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Details of Grant 

EPSRC Reference: GR/J80702/01
Title: COMPUTATIONAL MODELLING OF MATHEMATICAL REASONING
Principal Investigator: Bundy, Professor A
Other Investigators:
Lowe, Dr H Smaill, Dr A Ireland, Professor A
Researcher Co-Investigators:
Project Partners:
Department: Artificial Intelligence
Organisation: University of Edinburgh
Scheme: Standard Research (Pre-FEC)
Starts: 01 March 1994 Ends: 31 May 1996 Value (£): 609,531
EPSRC Research Topic Classifications:
Artificial Intelligence
EPSRC Industrial Sector Classifications:
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Summary on Grant Application Form
The design and implementation of proof plans to guide the search for a proof in automatic theorem proving. The application of this work to provide automated assistance in the synthesis, verification and transformation of both software and hardware.Progress:A proof plan is a high-level outline of a proof. One proof plan can describe a family of similar proofs. We have analysed a number of induct;ive proofs and extracted descriptions of their common structure in computational form. We use proof plans to guide the search for inductive proofs. Inductive reasoning is important for applications in software and hardware development. It is needed whenever a system contains repetition, e.g. loops, recursion, parametization, etc.Our theorem proving system consists of three parts: a proof planner, CLAM, a proof editor, MOLLUSC and a cooperative problem solver, BARNACLE. CLAM reasons about the current conjecture and builds a proof plan for it. It sends this to MOLLUSC, which uses it to produce a detailed proof. MOLLUSC is a generic proof editor --- it can be customised to reason in a logical theory by supplying the logical rules of that theory. Using BARNACLE a user can interact with the proof planning process, asking for explanations of the choices made and overriding them when desired.We have applied the BARNACLE-CLAM-Mollusc system to the synthesis, verification and transformation of functional programs and logic programs. Some simple programs have been synthesised completely automatically from specifications of their required behaviour. More complex programs can be automatically verified to meet their specifications. Inefficient programs can be transformed into more efficient programs meeting the same specification. Recently, we have also looked at the problem of verifying hardware. Among the devices that we have automatically verified are an n-bit multiplier and an ALU. We are currently working on a complete microprocessor. After the implementation and specification have been encoded in a logical formalism, the proof plans are found automatically within a few minutes. This work is described in a wide range of research papers. These papers and our software are available via FTP from Edinburgh. Contact; gordon@aisb.ed.uk for details.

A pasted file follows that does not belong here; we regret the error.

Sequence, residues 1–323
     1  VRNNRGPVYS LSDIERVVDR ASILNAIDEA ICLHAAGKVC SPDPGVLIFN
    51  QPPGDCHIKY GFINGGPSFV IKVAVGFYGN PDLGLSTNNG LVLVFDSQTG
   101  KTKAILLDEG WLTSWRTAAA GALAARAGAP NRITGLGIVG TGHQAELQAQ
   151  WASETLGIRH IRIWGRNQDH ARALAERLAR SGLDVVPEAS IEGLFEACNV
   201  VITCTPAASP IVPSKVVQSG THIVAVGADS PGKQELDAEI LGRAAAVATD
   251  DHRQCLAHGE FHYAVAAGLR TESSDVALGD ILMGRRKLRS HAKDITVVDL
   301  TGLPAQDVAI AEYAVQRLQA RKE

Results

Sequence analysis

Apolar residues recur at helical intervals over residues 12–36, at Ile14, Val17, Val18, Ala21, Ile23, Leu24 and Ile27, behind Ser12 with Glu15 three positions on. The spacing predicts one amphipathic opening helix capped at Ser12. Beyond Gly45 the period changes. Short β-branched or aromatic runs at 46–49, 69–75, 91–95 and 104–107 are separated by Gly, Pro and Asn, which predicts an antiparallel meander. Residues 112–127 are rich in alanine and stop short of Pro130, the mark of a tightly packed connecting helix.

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Organisation Website: http://www.ed.ac.uk